Videogame simulates "a slower speed of light"

MIT researchers developed a game that simulates the weird relativistic effects of slowing down the speed of light.

A Slower Speed of Light is a first-person game prototype in which players navigate a 3D space while picking up orbs that reduce the speed of light in increments. Custom-built, open-source relativistic graphics code allows the speed of light in the game to approach the player's own maximum walking speed. Visual effects of special relativity gradually become apparent to the player, increasing the challenge of gameplay. These effects, rendered in realtime to vertex accuracy, include the Doppler effect (red- and blue-shifting of visible light, and the shifting of infrared and ultraviolet light into the visible spectrum); the searchlight effect (increased brightness in the direction of travel); time dilation (differences in the perceived passage of time from the player and the outside world); Lorentz transformation (warping of space at near-light speeds); and the runtime effect (the ability to see objects as they were in the past, due to the travel time of light).
"A Slower Speed of Light"


  1. This will be awesome to experience in Metroid (when the time comes), but now what I really want is a FPS where you can collect mushrooms to grow larger and spit fireballs.

    1. That’s a great idea! They mentioned this on the project page, but I really like the idea of teaching weird physics concepts through experience/simulations made more fun with gameplay.

    2. Was done, together with the relativistic world, many many years ago – not as a game but as a book of stories; the famous George Gamow’s “Mr. Tompkins” ones.

      I wouldn’t be surprised if these books were the game’s inspiration.

  2. Hmm…what about when the escape velocity of the planet exceeds the speed of light? The planet collapses to singularity.

    1.  Well, if you collect a sufficient number of orbs in the game, the speed of light falls enough so that it’s below the escape velocity.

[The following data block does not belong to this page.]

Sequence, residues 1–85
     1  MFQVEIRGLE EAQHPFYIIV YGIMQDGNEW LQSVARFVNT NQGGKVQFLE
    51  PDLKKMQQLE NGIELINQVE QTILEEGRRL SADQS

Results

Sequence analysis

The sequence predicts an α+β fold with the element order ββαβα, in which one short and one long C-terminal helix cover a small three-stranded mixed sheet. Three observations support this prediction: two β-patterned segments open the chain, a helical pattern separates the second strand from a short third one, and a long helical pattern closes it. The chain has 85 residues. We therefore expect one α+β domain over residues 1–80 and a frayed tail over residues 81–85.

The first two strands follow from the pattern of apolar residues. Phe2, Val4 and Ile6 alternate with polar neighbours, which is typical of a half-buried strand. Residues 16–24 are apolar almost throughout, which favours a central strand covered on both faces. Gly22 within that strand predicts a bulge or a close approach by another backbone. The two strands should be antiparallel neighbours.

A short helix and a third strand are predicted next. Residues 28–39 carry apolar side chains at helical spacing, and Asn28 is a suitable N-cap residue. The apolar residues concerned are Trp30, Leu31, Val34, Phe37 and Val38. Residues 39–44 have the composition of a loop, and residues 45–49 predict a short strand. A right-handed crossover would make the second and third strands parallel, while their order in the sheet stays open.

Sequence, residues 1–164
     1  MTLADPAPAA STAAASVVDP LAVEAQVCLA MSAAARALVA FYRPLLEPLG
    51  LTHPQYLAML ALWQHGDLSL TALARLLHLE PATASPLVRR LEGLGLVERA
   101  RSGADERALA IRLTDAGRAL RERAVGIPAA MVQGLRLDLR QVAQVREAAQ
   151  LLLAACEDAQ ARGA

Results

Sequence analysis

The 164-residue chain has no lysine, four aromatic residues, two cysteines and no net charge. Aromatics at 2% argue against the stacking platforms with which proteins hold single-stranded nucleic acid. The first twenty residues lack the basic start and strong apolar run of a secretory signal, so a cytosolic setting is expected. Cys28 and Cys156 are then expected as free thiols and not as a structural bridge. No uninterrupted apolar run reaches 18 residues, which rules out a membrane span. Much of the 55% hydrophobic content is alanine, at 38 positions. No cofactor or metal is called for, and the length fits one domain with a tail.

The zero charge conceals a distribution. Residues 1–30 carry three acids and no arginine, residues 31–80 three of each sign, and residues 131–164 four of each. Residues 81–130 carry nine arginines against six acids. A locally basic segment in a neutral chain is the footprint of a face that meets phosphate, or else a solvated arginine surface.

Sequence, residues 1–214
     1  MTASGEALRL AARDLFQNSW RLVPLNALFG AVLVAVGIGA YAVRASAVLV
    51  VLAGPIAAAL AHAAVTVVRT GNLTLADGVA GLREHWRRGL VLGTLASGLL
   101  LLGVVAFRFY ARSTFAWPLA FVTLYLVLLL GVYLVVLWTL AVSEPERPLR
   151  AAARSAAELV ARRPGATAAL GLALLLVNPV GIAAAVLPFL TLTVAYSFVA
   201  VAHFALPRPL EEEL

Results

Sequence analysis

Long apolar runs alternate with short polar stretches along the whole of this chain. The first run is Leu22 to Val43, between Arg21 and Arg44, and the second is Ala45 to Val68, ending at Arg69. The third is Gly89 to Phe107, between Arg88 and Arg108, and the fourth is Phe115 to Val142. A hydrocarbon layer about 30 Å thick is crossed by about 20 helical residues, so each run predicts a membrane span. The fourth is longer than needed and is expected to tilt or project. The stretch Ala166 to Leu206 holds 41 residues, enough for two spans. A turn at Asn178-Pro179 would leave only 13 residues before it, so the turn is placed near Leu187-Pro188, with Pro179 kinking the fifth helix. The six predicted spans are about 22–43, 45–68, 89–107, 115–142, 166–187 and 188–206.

With light unable to escape, eventually, you’d accumulate enough photos that their collective mass would cause a the planet to collapse. 

    2. It’s actually a misconception that the formation of black holes is just a matter of the escape velocity exceeding the speed of light–after all, you can still escape a planet’s gravity traveling at less than the escape velocity if you are moving away using powered flight rather than being in freefall, but with a black hole this is not possible. But it is true that as the speed of light decreases, the Schwarzschild radius GM/c^2 would increase, until it exceeded the planet’s radius, at which point the planet would have to collapse…this game presumably isn’t trying to accurately simulate gravity though, since in relativity that requires general relativity, not just special relativity. You could just imagine that the game takes place on a large platform of negligible mass that’s accelerating at 1G through empty (flat) space, and that’s where the apparent gravity is coming from.

  3. 1st impression:  So cool!
    2nd impression: OMG why did MIT decide to build the world’s most most efficient barf-o-tron…?

  4. Just a head’s up.  It’s working perfect on my laptop with Mac OS 10.6.8 (Snow Leopard) although they say in system requirements it’s only been tested in Lion (10.7.x).

    1. It crashed my MacBookPro 10.6.8 (after grabbing 63 spheres, so I had a brief chance at relativistic fun).

      Edit: The screen went black with no cursor. cmd-tab didn’t work for switching programs. I think it was a true crash. I had to hard reboot.

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